It was a pretty good week here. I ordered the stuff to move forward with Project 870 which is long overdue. Also picked up a castle nut wrench and a wool blanket. Repacked the Bug Out Bag which is good. While not explicitly blog related I worked to knock off eating out. Right now I'm home alone so it's easy and very tempting to just grab something. Last week I ate out once on Friday night so that was good. Got a chef salad for lunch today because I was craving something fresh and green like crazy. Only halfway went shopping last week so fresh and green haven't been on the menu for awhile. This week I'm going to dial it up a notch and try to keep cooking but work in more veggies n fresh fruits. Suppose this means I do need to go shopping pretty quick here, like tomorrow. Between that stuff, finishing Point of Impact and some projects at home I've been a pretty busy beaver.

This coming week I am going to finish the project at home. Hopefully the stuff for Project 870 arrives this week so I can get going on that over the coming weekend. Other than that it's just sustained excellence on all fronts.

What did you do to prepare this week?


Saturday, January 11, 2014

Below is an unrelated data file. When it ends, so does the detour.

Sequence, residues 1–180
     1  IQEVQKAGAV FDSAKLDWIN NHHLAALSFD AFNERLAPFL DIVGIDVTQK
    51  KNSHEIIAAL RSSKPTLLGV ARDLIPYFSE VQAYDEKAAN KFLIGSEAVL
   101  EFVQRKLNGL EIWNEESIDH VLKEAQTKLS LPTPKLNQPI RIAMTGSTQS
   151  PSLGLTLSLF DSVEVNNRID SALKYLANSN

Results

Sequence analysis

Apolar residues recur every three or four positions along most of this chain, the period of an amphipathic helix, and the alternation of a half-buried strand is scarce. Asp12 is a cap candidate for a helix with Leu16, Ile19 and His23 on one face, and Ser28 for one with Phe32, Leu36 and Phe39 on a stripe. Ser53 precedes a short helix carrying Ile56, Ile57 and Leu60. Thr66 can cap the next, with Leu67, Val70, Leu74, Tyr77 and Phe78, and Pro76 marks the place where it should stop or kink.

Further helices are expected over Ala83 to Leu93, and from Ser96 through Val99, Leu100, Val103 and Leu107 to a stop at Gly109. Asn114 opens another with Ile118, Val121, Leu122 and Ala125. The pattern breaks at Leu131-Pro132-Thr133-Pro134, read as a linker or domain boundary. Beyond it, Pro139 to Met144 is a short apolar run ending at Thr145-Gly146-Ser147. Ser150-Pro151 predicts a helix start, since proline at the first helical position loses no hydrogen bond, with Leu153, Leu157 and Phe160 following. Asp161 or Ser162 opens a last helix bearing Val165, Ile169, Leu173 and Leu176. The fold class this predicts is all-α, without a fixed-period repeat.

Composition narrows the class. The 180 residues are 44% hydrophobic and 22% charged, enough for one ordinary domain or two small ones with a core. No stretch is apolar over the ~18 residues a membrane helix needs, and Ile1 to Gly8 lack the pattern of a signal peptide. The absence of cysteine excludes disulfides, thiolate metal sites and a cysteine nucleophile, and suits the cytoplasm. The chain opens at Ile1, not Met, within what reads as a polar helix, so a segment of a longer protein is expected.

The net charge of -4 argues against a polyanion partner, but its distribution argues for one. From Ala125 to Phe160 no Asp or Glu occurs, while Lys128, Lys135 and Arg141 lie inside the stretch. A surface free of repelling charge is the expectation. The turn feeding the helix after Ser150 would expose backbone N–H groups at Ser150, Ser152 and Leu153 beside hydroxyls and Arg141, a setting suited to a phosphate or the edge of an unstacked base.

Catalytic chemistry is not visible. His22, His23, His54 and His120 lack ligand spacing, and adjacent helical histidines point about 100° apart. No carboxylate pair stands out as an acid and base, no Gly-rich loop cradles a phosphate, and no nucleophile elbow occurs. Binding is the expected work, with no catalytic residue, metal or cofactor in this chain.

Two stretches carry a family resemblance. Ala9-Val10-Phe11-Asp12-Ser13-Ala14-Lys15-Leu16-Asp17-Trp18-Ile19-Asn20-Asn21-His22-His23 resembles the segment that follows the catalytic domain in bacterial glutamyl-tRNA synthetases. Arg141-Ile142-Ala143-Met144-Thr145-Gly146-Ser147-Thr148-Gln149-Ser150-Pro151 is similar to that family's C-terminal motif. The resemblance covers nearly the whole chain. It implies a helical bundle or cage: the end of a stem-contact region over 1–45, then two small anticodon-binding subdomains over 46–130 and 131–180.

Project 870P Soliciting Input



I got a little bit of money so it's time to dust off the 870P and finally finish this project. Leaning heavily on TEOTWAWKI Blog's Project 590A1 here is what I am looking at:
Paint- DIY flat black. The finish on this gun is terrible so I'm going to rattle can it flat black. Honestly I don't care what it looks like but need a reasonably (more than exposed metal) corrosion resistant finish to be able to use the gun. Will keep the wood, well wood colored for aesthetic as well as social/ legal reasons. I want the gun to look as much like the same pump shotgun every Louisiana resident seems to own 5 of if I have to go to court.
Sling- Single point as of right now till I get a better plan though I may just stick with it. For a house gun honestly a sling isn't THAT important other than that I want one.
Light Mount- Elzetta ZMS
Light- Either a Streamlight or a Surefire G2. A good basic pretty bright light
Ammo carrying (on gun)
Sidesaddle- Essetac shotgun cards.
Buttstock- shot shell carrier generic type
Total this will be something like 21 rounds on the gun.
Ammo carrying (off gun)
2 more essetac cards in my Costa Leg Rig along with 2 pistol reloads and a hand held light. This will probably go on a duty belt with a holster, an IFAK and some zip ties to become the "bump in the night belt".